As wrench 10 is alternately rotated in opposing directions, ratcheting action ensues as tool driver 26 alternately engages teeth 22A or 22B and rotates in lockstep with working head 12, and subsequently disengages teeth 22A or 22B, tool driver 26 remaining in a constant position as working head 12 is rotated in a direction opposite that rotating tool driver 26 in lockstep with working head 12.
In summary, tool driver 26 selectively engages the internal surface of chamber 16 and disengages therefrom. Tool driver 26 is constrained against disengagement by torque applied in one direction, and disengages responsive to torque applied in an opposite direction. However, disengagement while rotating in one direction, which could occur as the user's hand position varies, is limited to very short time duration since withdrawal of tool driver 26 from engagement with one row of teeth 22A or 22B will promptly result in engagement with the other teeth 22B or 22A.
Turning now to FIG. 3, an optional torque limiting feature of wrench 10 is explained. In the event that a driven tool (not shown) encounters resistance during tightening that would damage wrench 10, the tool, or a fastener (not shown), it is possible to protect these items by limiting torque applied to tool driver 26. In this embodiment, teeth 22A, 22B are supported or disposed upon respective arms 40A, 40B anchored to working head 12.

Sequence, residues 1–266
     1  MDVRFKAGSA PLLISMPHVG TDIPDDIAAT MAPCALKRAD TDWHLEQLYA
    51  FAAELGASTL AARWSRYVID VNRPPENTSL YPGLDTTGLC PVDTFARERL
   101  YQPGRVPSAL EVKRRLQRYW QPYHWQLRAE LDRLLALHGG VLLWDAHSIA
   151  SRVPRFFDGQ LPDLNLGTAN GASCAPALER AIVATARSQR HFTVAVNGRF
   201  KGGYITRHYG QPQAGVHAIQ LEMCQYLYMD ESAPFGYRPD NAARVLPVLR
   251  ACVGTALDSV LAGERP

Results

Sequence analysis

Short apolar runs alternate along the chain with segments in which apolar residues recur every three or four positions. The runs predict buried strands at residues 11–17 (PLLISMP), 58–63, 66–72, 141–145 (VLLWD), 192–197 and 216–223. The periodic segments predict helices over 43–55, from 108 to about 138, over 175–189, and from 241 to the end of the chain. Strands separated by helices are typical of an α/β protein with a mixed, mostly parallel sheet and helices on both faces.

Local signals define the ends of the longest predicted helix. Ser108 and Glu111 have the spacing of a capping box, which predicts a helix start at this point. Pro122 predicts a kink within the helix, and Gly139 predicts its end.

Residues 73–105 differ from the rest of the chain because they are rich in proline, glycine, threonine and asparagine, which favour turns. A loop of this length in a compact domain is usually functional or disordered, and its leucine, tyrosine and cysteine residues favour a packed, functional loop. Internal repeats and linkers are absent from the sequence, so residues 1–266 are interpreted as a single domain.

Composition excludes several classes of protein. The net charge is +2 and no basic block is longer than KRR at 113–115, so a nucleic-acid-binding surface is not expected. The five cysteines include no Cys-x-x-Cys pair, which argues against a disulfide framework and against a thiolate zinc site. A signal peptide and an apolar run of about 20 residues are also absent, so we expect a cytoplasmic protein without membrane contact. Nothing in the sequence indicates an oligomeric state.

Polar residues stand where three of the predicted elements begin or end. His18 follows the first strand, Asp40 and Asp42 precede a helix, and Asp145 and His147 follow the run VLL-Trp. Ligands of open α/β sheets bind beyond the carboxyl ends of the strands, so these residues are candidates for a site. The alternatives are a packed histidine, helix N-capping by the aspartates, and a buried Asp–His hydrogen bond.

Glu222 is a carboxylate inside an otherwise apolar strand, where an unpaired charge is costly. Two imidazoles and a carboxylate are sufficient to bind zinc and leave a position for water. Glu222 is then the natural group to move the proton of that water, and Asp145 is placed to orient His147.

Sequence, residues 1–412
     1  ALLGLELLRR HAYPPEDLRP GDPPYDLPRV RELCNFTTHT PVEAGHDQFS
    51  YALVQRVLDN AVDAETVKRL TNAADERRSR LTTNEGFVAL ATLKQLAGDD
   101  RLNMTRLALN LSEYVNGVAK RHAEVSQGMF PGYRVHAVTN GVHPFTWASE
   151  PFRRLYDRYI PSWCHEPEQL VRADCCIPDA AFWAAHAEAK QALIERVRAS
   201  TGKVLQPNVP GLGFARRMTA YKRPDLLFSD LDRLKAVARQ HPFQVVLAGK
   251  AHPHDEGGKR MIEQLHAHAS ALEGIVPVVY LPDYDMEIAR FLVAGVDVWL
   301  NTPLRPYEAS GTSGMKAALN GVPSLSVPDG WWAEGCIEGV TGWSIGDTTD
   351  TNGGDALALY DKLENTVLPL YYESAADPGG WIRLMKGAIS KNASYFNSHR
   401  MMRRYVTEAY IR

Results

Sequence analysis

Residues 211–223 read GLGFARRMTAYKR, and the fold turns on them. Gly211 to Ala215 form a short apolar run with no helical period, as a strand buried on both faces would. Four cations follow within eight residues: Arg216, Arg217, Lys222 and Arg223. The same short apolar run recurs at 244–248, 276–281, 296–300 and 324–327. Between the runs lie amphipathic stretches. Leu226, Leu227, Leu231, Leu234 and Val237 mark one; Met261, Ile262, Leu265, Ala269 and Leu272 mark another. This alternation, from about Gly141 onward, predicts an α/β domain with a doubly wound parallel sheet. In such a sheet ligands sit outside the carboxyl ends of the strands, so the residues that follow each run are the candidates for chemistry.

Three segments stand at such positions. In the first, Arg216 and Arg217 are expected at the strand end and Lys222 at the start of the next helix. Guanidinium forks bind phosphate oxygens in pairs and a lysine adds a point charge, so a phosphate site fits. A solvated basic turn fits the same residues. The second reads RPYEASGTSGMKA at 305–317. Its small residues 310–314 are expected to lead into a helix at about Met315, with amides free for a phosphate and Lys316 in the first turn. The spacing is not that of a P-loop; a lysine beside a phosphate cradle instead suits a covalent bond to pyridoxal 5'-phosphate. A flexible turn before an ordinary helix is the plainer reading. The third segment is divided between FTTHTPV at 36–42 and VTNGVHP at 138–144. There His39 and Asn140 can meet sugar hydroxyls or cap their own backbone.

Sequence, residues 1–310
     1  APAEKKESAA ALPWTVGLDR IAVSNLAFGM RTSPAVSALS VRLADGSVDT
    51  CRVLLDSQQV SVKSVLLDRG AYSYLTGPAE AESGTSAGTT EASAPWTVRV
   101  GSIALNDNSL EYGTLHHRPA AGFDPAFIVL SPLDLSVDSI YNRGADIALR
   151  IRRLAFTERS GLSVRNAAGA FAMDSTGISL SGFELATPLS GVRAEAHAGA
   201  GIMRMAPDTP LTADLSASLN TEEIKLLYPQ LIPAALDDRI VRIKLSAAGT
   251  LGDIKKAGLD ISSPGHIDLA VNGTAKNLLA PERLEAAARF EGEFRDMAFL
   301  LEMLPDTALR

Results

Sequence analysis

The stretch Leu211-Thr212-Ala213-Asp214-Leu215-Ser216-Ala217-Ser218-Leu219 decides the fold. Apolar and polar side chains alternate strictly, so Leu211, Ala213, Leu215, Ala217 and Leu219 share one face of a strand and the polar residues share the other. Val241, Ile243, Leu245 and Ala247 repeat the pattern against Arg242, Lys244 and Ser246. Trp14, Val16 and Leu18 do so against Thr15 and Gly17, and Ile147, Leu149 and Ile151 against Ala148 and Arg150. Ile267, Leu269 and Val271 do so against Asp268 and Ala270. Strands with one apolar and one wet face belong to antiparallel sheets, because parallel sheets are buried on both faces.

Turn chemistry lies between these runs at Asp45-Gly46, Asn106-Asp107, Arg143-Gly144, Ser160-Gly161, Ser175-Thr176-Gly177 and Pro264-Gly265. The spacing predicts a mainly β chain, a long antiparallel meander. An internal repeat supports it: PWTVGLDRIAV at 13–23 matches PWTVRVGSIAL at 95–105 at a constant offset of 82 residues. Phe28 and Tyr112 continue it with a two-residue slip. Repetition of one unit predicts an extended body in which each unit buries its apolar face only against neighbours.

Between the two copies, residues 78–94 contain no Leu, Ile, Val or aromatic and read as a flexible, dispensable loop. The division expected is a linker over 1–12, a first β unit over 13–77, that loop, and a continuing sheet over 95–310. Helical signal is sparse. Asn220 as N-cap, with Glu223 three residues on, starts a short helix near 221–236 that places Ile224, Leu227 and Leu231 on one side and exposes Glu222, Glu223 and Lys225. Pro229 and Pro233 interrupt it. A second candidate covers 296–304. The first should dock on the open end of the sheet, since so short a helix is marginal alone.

Each arm 40A or 40B is normally disposed at a first position, this being illustrated in FIG. 3, such that engagement of teeth 30 and teeth 22A or 22B is assured. As shown in FIG. 4, under great resistance, arm 40A or 40B deflects, withdrawing away from the center of chamber 16 into a second position. Teeth 30 and 22A or 22B thereby move out of mutual engagement. Close examination will reveal reduction of magnitude of a gap 44A or 44B in FIG. 4, as contrasted to that of FIG. 3. This arrangement limits the maximum torque which will result in driving of tool driver 26.
Spring action biasing arm 40A or 40B into the first position is provided by virtue of the nature of the material from which working head 12 is fabricated. In this embodiment, working head 12 is fabricated from a material having a known degree of elasticity or resilience. Arms 40A, 40B could be deleted in favor of any other suitable member having resilient or elastic deflection enabling teeth 22A, 22B to disengage from teeth 30 responsive to excessive torque.
Channels 42A, 42B are formed in working head 12. Channels 42A, 42B define their respective arms 40A, 40B, and determine magnitude of gap 44A or 44B separating arm 40A or 40B from surrounding working head 12. Monolithic or integral construction of working head 12 and arms 40A, 40B provides anchoring generally designated at 46A, 46B.
It is an easy matter to determine appropriate thickness of an arm 40A or 40B for predetermining appropriate force of elasticity or resiliency acting on arm 40A or 40B, based upon characteristics of the material of working head 12. This calculation and appropriate dimensioning will result in resilient deflection occurring at a predetermined amount of torque required to disengage tool driver 26 from working head 12.